It’s the end of the road for Indianapolis Yellow Cab after 69 years in business.
The company, the largest player in the Indianapolis taxi business, with about 130 cabs, has been bought by zTrip Inc., a five-year-old company that plans to rebrand the operation.
The deal was announced Wednesday by zTrip’s parent, WHC Worldwide, based in Kansas City. Terms were not disclosed.
The sale also includes Indianapolis Checker Cab, a small subsidiary of Indianapolis Yellow Cab, with about 15 black taxis, which mostly did runs between downtown hotels and the Indianapolis International Airport.
The transaction will retire the name of both local companies, which have done business here since the early 1950s. Yellow and Checker were independent operations locally that operated under well-known national brands.
“We had a good run,” said CEO Scott Beauchamp,” co-owner since 2002 along with his partner, Sergio Piriz. “It’s been a challenging business.”
In a press release, zTrip said it rolled out its service here Wednesday with an initial fleet of 60 new silver sedans. The cars are marked with the zTrip name on the front doors in red and black lettering.
The company, launched in 2015, has been buying cab companies across the country at a fast clip, and now has more than 4,000 vehicles in 21 cities, from Baltimore to Albuquerque. Many of the acquisitions are former Yellow Cab operations.
Bill George, CEO of zTrip, said he has been trying to enter the Indianapolis market for several years.
“I’ve watched with great interest how Indianapolis, especially on the convention side, has just dominated to become one of the top tier convention cities in the country,” he said in an interview with IBJ. “So it was always our target. And so we’re really excited to be in the market.”
Under the deal, zTrip will get all the assets of Indianapolis Yellow Cab, including its vehicles, which will continue to be used for about six months while zTrip phases in its fleet of silver sedans. He said the zTrip cars are considered taxicabs.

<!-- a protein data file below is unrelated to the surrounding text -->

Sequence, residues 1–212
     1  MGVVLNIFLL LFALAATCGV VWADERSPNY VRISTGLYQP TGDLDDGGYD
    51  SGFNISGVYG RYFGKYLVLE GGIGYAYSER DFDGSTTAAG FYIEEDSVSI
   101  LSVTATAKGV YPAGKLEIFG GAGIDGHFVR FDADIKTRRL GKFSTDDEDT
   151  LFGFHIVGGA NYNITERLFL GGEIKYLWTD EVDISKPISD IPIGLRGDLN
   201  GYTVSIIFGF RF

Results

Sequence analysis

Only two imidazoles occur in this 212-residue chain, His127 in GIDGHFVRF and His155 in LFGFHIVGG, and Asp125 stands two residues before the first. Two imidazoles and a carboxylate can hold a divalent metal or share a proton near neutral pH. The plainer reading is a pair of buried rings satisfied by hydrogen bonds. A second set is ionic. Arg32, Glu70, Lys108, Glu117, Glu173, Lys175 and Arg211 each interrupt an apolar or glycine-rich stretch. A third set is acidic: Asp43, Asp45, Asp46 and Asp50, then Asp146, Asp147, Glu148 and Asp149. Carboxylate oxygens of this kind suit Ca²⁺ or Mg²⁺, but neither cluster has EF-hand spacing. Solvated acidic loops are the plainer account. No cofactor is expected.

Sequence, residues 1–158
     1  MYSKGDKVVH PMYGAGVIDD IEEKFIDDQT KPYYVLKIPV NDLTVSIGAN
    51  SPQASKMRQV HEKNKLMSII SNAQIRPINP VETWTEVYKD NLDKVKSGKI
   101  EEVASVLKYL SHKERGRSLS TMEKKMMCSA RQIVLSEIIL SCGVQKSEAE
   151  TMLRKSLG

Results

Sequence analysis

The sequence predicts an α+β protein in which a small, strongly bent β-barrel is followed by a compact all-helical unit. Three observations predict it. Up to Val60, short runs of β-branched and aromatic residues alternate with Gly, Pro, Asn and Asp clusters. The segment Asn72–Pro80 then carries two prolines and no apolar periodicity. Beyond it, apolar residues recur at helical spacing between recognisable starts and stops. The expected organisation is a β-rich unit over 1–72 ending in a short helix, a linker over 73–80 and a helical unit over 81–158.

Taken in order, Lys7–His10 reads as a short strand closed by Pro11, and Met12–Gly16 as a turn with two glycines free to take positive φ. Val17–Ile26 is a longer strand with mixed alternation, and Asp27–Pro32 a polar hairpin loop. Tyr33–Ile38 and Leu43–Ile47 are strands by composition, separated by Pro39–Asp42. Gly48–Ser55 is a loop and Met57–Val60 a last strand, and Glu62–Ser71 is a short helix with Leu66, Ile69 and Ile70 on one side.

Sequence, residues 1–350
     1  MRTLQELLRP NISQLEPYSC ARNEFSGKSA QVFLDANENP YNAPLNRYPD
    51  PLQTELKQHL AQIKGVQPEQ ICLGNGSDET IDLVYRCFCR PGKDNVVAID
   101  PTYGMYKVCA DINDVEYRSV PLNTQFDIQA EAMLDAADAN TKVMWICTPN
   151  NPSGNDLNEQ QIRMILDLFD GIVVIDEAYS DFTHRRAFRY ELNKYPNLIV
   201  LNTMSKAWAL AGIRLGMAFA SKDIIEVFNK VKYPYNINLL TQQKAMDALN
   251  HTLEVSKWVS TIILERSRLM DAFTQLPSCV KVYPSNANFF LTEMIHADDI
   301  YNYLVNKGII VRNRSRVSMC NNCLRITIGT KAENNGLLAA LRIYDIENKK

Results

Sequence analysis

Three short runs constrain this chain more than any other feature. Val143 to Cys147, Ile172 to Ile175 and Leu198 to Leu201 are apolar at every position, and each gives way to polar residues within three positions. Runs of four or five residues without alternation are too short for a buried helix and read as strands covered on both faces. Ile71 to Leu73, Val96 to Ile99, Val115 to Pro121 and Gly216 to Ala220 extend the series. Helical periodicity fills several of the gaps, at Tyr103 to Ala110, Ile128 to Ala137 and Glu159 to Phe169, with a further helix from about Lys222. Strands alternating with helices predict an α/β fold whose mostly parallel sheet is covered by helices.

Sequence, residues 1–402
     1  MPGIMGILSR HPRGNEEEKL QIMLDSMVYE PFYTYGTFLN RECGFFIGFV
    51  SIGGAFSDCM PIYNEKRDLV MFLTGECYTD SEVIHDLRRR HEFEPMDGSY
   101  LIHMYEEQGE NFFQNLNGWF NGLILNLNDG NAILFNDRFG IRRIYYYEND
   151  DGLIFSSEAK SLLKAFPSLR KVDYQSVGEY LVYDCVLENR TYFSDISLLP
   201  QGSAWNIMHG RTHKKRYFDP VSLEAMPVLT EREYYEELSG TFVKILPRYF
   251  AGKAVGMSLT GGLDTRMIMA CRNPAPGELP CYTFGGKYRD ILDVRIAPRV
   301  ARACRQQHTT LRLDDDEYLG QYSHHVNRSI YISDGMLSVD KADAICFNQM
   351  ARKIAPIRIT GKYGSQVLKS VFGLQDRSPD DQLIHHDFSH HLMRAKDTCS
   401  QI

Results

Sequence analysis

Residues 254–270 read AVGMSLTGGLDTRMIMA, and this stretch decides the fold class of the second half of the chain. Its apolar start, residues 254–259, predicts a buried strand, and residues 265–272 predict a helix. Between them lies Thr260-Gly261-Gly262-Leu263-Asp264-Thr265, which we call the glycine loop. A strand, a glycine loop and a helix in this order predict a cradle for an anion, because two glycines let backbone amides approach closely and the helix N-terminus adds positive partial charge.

The company’s business model is a hybrid of traditional cab service and ridesharing service. Riders can arrange a ride by app, phone, company website or by hailing on the street.
Its marketing message is that while other rideshare options, such as Uber and Lyft, are mostly tech companies that offer transportation, zTrip is a transportation company that has embraced technology.
“zTrip is the perfect hybrid between the safety and security of a traditional taxicab, along with all the new features people like about rideshare,” George said.
The company uses drivers that are insured and have undergone background checks. The company boasts of a fare structure that does not have “surge pricing,” meaning it offers the same price every time, regardless of the time or day.
George said the plan is to add to the fleet in Indianapolis, a competitive market with more than two dozen taxi companies registered with the city, along with new options including Uber and Lyft, the IndyGo bus system, Indiana Pacers bikeshare and electric scooters.
Indianapolis Yellow Cab was started in 1951 by Dick Hunt, whose family ran it for many years before selling to Coach USA in the 1990s. Beauchamp and Piriz bought it from Coach USA in 2002.
Beauchamp said he also owned a Yellow Cab operation in Pensacola, Florida, for more than a decade before selling it to zTrip in 2018.
“We were pleased with how that deal progressed,” he said. “They integrated things smoothly.”
So when zTrip came calling in Indianapolis, he was ready to sell, he said. Indianapolis Yellow Cab was still profitable despite the growing competition, he said.
All parties in the transaction are private, so financial information wasn’t disclosed. Indianapolis Yellow Cab revenue was in the “mid seven digits,” George said, while zTrip revenue last year was in the “low nine digits.”
Indianapolis Yellow Cab has about 20 employees and 150 contract drivers. The Indianapolis zTrip operation will be managed by Bobbie Liebrandt, operations manager for Indianapolis Yellow Cab for the past 20 years.